When to Call the Pros
You’ve tried and tried again, and still nothing, even with Formula 5? It means you have a bigger problem than you think. It’s time to call in professionals to get the job done. Sometime it may not be just a normal stoppage– it can be something a bigger that requires professional grade work, equipment, and experience.
“The equipment is better when professionals do the work,” Bany said. “After inspecting, I would auger your drain. For the bathtub, we would take the overflow plate off and run a machine down through the top side of the tub to get down the drain where you can actually get all the hair out. Sometimes, on a tub, there are stoppers- everyone’s should come out. If you unscrew it and lift it, hair should come out. That’s one of the first things that you could do as a homeowner. Go in there with tweezers, a screwdriver, or a coat hanger and try to dig that hair out. It’s not easy. Women have really long hair. You’re sitting there looking down the drain and you might only see about half an inch of it when it’s actually a foot long.”
In the master shower, disassembling the drain might be required to use a bigger snake to try to break up some of that calcium buildup, and then eventually pull the hair out.
More severe instances would depend on the age of the home, if the house is settled, or if the pipes are broken.
“It gets into foundation issues. This is something you see on 10, 20-year-old homes that have settled a bit. It’s put pressure on a pipe or a pipe is broken, or a tree interferes. A tree can grow under the house and roots have gotten into the line. Those are the bigger things that your Plumbers Formula 5 or 6 liquid (sold only by John Moore Services) can’t take care of. That’s when you know you need to bring a professional out there to run a camera and see what’s really going on.”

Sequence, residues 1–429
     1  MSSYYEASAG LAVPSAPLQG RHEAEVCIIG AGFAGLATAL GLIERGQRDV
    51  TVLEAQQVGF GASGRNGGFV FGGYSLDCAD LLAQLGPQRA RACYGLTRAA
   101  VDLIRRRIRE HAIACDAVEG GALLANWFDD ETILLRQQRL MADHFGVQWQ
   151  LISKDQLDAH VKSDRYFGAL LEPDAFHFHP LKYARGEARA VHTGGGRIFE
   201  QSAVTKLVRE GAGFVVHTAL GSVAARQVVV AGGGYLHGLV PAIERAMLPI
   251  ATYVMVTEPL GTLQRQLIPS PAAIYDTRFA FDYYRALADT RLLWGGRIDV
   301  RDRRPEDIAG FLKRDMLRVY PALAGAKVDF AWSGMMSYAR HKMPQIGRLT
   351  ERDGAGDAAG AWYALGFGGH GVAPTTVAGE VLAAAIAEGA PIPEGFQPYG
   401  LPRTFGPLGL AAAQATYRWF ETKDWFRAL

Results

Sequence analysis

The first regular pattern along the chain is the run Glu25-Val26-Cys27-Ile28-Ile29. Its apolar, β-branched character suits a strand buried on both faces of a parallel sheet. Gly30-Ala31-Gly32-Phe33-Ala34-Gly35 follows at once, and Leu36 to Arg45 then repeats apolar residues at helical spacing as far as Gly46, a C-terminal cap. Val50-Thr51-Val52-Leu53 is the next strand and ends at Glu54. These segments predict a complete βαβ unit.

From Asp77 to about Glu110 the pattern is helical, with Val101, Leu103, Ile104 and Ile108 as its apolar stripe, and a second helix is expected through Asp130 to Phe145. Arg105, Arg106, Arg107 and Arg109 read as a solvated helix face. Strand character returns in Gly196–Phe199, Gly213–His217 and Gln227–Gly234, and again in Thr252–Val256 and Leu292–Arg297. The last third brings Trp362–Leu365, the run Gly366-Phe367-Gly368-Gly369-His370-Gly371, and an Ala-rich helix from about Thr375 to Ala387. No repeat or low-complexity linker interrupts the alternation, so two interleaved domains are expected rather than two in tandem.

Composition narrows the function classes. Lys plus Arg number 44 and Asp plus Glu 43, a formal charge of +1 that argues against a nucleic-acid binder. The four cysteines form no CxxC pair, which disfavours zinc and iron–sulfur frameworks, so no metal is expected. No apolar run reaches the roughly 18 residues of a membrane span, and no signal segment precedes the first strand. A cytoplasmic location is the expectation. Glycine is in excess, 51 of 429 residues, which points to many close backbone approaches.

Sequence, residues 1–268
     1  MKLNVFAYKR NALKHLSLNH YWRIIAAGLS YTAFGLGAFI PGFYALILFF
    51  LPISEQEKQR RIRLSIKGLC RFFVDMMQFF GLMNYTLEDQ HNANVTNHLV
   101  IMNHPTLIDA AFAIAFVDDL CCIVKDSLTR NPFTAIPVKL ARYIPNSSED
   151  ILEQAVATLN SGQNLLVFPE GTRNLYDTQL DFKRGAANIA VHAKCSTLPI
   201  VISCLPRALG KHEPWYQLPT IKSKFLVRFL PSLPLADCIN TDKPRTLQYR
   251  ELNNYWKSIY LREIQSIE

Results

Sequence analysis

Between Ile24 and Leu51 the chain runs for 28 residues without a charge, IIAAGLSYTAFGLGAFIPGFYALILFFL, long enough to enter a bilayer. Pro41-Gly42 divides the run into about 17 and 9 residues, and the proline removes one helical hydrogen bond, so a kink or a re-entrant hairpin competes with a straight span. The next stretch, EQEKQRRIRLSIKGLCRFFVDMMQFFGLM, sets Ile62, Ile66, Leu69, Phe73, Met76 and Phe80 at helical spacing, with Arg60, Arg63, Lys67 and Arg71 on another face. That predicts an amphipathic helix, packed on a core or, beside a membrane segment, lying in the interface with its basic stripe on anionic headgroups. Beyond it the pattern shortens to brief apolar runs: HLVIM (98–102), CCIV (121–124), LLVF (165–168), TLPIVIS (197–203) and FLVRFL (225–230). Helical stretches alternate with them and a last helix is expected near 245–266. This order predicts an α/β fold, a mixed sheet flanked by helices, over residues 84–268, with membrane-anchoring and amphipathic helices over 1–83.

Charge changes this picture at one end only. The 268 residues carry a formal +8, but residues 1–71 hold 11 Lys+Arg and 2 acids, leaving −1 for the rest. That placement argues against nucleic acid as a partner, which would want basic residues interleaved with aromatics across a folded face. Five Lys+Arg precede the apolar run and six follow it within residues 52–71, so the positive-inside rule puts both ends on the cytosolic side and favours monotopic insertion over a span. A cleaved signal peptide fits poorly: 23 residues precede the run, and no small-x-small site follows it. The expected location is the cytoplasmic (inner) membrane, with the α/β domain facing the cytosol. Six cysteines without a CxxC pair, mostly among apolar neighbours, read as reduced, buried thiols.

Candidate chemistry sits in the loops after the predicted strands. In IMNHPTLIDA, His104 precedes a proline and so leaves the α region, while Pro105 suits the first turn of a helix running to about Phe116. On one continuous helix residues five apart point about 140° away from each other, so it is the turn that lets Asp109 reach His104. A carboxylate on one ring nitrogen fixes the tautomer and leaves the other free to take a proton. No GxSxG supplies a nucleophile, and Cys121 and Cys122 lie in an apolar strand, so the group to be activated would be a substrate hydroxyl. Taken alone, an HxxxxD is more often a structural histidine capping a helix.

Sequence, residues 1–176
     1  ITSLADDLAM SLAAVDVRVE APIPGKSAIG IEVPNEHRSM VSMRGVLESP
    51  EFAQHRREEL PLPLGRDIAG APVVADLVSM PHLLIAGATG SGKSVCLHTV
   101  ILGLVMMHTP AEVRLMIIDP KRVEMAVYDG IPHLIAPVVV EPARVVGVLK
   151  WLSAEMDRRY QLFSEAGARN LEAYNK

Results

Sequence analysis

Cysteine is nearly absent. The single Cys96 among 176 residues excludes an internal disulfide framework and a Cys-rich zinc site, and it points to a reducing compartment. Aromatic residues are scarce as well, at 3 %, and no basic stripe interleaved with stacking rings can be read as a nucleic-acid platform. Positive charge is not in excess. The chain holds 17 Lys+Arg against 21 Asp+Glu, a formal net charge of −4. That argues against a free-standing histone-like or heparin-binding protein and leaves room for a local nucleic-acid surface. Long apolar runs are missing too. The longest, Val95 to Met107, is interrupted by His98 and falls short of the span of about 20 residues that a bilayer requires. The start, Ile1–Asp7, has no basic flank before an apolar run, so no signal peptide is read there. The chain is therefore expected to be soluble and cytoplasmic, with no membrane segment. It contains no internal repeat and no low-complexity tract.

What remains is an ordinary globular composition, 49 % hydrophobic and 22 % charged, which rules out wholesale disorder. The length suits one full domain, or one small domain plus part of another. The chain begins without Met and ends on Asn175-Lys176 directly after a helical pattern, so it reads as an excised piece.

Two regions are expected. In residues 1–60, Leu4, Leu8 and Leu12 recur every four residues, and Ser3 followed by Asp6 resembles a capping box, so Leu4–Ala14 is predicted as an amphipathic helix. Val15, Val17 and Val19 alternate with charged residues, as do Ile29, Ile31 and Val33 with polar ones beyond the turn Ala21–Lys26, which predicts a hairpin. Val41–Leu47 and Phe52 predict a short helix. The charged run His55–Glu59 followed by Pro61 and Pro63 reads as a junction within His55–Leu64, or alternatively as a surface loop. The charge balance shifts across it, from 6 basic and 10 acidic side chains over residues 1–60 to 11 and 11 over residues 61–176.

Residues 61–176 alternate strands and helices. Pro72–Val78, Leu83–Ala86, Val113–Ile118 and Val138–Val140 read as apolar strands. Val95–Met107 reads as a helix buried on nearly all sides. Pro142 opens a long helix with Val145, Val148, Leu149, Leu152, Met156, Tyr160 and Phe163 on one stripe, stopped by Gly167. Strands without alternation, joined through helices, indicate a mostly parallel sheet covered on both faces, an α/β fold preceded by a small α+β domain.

You Can Prevent Severe Drain Clogs
It’s inevitable. Hair will come off you and your family’s heads until the earth turns to dust. It happens and will always happen. But you can still prevent major clogs from happening by simply reducing the amount of hair that actually finds its way down the drain.
According to Bany, the first thing to know is that you need to maintain your drain. You can do that with John Moore Services’ exclusive product,Plumber’s Formula 5 or the newest liquid drain maintainer, Plumber’s Formula 6. Both are designed to eat hair and soap scum which will help clear the path.
“There are some products you can buy that allow you to actually take your tub or shower drain plug out and cover it with a catcher,” Bany said. “It’s like a little strainer which catches all the hair. When you’re done showering, you just pull it right out and it brings the hair with it.”
Also, a shower drain strainer is about five inches around and five across, and it fits perfectly with your shower drain and won’t let the hair through. These things won’t stop every single hair, but they will definitely prevent major amounts from accumulating which will help prevent future clogs.
As we always say, it’s better safe than sorry, so make sure you take the proper, safe steps to take care your shower drain clogs. Call us at John Moore for more information and to get a plumbing expert at your door in no time.